Response to letter about Coffee Oasis
June 8, 2012 · Updated 10:17 AM
I was stunned to read Jackson Pedersen’s Letter to the Editor (“Concerned about religious approach,” page A4, June 1 Herald).
What causes someone to be so antagonistic to an organization he obviously knows nothing about, has impacted so many youth and received such community acclaim?
I am sorry for wrong perpetrated in the name of “religion,” but that does not negate the positive impact churches and faith-based organizations have in our community.
Where are the youth we harmed? Did he speak with Jason or Rocky or Curtis or Courtney or the hundreds of youth whose lives have been impacted by Coffee Oasis? If he searched hard enough he could find a disgruntled youth who dislikes something we did, but I guarantee that for every disgruntled youth, he would find 100+ who express real gratitude.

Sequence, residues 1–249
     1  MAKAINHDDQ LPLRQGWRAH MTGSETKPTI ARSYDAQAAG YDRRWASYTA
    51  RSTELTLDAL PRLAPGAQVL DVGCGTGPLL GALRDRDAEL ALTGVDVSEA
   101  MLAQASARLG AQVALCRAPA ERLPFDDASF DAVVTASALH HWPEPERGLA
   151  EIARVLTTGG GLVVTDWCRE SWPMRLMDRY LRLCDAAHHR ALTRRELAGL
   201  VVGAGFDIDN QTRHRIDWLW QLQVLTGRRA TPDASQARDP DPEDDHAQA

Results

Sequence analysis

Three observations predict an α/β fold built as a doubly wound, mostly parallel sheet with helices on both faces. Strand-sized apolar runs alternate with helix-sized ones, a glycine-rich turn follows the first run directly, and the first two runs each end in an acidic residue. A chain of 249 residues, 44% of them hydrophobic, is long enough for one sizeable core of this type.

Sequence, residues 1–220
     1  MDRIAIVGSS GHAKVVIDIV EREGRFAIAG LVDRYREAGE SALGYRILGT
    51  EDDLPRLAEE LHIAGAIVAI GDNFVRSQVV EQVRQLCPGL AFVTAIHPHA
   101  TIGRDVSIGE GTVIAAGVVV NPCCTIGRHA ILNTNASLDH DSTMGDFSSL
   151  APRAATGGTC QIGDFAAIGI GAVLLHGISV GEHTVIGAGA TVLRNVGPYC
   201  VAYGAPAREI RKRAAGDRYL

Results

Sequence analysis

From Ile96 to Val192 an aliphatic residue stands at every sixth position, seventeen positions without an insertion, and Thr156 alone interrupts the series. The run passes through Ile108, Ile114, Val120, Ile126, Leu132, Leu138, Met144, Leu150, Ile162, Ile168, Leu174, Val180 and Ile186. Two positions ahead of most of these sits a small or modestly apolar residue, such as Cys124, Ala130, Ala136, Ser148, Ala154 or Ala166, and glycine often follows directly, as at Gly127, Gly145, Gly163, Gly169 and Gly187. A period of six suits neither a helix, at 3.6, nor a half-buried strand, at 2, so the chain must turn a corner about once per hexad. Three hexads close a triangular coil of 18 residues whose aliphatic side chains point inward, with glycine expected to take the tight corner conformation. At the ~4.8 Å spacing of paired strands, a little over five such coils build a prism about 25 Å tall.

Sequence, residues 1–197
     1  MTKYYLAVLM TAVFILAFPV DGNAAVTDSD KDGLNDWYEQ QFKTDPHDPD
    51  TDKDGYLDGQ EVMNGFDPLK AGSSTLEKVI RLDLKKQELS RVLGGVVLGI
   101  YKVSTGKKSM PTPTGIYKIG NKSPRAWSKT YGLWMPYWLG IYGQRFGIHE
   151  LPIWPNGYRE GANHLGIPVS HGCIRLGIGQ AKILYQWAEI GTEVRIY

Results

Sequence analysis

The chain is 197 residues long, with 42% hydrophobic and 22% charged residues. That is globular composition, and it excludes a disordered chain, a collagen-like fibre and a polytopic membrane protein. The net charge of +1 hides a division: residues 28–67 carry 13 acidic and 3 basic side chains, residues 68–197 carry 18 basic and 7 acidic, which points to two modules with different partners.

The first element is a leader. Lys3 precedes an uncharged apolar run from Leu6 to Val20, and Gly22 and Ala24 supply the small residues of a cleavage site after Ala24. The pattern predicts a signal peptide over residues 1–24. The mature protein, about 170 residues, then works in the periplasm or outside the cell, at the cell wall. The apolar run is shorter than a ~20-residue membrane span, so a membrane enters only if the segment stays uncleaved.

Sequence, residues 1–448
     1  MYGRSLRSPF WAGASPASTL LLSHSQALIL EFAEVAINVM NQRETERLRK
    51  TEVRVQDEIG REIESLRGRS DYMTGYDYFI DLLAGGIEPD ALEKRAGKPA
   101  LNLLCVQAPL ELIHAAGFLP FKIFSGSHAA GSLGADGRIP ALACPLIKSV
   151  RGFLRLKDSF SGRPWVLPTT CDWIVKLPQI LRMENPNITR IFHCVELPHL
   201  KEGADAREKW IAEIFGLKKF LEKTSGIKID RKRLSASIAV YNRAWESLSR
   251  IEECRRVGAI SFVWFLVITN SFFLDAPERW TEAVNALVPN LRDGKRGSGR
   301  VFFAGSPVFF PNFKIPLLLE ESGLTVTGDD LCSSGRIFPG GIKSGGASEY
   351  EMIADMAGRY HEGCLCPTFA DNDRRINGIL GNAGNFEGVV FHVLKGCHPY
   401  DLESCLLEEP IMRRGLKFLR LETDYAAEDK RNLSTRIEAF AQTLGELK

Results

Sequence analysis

Why? Because our passion is to reach out to street and homeless youth without regard to religious beliefs, race, color, gender, ethnicity, sexual orientation or disability, to help them experience real life change. This statement appears in our publications and accurately represents to whom we offer all of our services with no strings attached.
We don’t do this in a vacuum. We partner with many organizations, faith-based and non-faith based. We are members of the Continuum of Care Coalition, Workforce Development Council, Kitsap Mentoring Consortium and Housing Solutions Center.
Our staff might not have the education that’s so important to Mr. Pederson, but they have been where street and homeless youth have been, experienced dramatic life change and are passionate about helping other youth experience the same.
He asks people to speak out. They have. We were presented this week by the Kitsap County Association of Realtors its Quality of Life award for our impact on homeless youth. Last month, we received United Way’s Community Impact award. The list goes on.
We aren’t a “cult” as he insinuates, but an organization that takes seriously honoring God by helping youth get jobs, reconcile with their families, finish school, get their GED, deal with their addictions, and get off the streets and out of homelessness. Is that so bad?
Director, Coffee Oasis